A Victoria, B.C. city councillor wants to take advantage of an exemption in the federal government’s order to decriminalize open drug use in the province by making it illegal again to consume substances near “child-focused spaces.”
Coun. Stephen Hammond is set to introduce a motion banning “possession and use of illicit drugs near child-focused spaces” Thursday to the city’s Committee of the Whole.
Last year, Health Canada granted an exemption to British Columbia under the Controlled Drugs and Substances Act effectively decriminalizing possession and consumption of certain illegal drugs.
Hammond’s motion cited how the federal government’s order allows for municipalities and the province to add a list of public locations where drug use would remain illegal.
“At the very least, we can take action as a city to ensure children are protected from the harms of open illicit drug use and to ensure such harmful and life-threatening behaviour isn’t normalized,” wrote Hammond.
Hammond’s motion calls on Victoria to ban “use and possession of illegal drugs” within 30 metres of “child-focused spaces.”
“Child-focused spaces” are defined as sports fields, tennis courts, picnic tables, bus shelters, libraries and community centres.
Earlier this month, B.C. Premier David Eby announced that use of illicit drugs would be banned within 15 metres of playgrounds, spray pools, wading pools and skate parks.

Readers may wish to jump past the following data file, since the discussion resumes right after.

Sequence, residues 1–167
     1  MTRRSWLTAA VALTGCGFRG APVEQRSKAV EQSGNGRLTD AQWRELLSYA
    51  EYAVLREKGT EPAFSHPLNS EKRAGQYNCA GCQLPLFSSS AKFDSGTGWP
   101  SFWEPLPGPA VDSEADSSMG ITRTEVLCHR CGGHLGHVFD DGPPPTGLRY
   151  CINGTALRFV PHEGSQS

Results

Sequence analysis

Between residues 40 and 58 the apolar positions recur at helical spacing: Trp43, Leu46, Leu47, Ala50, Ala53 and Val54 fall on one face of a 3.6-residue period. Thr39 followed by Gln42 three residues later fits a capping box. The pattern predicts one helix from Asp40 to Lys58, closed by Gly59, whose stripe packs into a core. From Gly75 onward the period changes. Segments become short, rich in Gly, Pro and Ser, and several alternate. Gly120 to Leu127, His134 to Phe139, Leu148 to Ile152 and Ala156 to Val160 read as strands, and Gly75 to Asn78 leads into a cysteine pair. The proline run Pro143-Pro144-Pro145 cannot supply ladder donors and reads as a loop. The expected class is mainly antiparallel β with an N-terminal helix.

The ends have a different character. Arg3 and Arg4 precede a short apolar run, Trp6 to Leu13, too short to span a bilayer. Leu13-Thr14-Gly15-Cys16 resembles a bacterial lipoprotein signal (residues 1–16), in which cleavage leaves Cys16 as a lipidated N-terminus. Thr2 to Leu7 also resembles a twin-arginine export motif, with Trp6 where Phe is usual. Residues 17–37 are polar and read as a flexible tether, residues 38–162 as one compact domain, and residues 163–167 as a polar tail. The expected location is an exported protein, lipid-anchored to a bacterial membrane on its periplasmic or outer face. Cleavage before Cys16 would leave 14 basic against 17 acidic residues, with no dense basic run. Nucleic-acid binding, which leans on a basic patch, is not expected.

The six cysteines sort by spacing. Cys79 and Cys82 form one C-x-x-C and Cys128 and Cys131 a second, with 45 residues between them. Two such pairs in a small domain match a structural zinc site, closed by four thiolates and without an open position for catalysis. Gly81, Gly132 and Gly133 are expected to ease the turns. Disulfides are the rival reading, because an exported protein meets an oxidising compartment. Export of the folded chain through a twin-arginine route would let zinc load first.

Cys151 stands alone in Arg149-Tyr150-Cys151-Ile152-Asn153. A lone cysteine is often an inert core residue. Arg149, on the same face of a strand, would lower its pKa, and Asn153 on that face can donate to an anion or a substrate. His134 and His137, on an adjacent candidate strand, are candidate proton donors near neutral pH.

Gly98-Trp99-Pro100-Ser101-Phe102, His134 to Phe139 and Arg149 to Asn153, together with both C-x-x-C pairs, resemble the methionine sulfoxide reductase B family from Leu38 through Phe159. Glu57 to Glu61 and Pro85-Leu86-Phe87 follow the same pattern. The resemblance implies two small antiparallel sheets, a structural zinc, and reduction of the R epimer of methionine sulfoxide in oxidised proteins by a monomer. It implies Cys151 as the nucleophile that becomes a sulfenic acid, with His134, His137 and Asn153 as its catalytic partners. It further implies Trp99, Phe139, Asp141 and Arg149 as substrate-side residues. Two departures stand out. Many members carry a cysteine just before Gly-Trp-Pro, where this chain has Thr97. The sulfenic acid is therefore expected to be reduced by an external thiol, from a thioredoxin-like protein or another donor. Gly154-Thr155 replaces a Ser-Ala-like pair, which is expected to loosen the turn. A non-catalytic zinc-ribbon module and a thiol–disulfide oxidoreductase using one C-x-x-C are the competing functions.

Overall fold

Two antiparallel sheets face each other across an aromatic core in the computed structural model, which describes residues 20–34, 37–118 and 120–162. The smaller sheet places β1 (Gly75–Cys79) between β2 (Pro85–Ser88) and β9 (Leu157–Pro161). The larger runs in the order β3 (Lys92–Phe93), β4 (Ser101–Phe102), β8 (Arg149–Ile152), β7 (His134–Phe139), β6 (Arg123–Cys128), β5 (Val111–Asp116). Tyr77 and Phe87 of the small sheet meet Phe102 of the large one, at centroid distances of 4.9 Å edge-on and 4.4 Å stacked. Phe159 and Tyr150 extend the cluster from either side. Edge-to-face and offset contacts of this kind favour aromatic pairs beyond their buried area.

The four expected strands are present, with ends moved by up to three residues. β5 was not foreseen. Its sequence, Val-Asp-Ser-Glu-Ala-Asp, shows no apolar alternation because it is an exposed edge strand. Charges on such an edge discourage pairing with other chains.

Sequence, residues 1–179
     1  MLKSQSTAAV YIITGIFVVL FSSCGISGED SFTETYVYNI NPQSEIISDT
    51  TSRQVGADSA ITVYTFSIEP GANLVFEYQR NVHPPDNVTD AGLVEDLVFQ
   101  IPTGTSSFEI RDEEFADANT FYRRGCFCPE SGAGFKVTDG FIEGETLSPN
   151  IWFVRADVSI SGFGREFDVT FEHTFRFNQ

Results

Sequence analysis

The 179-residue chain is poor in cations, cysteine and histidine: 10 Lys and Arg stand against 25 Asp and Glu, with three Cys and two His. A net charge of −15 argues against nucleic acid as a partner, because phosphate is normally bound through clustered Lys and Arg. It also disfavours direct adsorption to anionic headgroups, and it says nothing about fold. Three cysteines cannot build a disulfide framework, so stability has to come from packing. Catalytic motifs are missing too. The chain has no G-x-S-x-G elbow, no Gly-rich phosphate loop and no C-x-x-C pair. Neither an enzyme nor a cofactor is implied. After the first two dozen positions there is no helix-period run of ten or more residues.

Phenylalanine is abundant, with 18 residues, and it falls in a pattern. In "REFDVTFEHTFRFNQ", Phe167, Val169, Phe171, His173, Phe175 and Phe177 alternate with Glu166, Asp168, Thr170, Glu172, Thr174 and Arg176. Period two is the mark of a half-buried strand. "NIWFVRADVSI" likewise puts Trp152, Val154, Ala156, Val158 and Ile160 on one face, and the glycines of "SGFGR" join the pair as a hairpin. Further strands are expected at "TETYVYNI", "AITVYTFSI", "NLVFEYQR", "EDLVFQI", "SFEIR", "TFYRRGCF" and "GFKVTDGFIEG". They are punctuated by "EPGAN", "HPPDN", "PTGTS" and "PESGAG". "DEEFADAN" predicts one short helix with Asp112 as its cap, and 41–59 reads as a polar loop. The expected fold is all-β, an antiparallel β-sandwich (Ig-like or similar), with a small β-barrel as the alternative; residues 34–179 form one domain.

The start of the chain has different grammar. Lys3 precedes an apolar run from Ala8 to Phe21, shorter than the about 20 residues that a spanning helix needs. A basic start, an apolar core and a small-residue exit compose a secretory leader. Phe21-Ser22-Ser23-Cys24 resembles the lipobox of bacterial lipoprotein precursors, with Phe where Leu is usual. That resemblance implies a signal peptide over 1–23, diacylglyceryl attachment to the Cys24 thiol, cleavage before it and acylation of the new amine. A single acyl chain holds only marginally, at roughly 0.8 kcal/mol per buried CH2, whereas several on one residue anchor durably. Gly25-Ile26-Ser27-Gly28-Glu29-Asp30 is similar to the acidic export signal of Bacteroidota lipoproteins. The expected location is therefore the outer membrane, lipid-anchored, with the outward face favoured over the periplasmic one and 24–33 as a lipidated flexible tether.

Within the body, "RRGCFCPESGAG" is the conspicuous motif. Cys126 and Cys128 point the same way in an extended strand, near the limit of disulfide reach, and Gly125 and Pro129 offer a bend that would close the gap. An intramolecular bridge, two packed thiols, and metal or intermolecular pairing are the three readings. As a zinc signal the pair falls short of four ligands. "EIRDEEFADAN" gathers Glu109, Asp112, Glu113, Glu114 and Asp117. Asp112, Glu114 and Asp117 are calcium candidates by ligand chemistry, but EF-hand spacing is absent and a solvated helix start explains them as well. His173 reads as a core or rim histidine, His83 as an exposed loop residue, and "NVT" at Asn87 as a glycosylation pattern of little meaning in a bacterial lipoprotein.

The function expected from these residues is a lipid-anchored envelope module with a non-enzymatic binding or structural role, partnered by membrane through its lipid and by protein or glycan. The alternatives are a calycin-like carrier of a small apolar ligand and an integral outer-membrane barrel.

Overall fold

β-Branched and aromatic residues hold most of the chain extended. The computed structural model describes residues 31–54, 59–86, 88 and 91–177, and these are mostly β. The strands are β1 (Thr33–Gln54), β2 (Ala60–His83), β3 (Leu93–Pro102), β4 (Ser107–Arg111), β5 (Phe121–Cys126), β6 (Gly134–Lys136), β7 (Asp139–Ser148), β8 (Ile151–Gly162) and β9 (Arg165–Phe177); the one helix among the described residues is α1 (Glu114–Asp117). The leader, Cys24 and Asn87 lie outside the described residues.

Additionally, the City of Victoria has already banned drug use within eight metres of any area where children congregate. About a dozen municipalities including Prince George, Nelson, Campbell River and others have moved to add additional banned locations under the exemption.
Several British Columbia mayors have spoken out against the recent expansions to banned areas as not going far enough, with Port Coquitlam Mayor Brad West saying the bans should apply to sport fields and other public spaces.
“The same rationale that says you shouldn’t be smoking crack or using fentanyl in a children’s playground should apply to sports fields where children are playing soccer and baseball,” said West.
“When the province rolled out decriminalization, these are the types of things that they should have thought about at the beginning.”
Some have even suggested a full ban on drug use at all public facilities.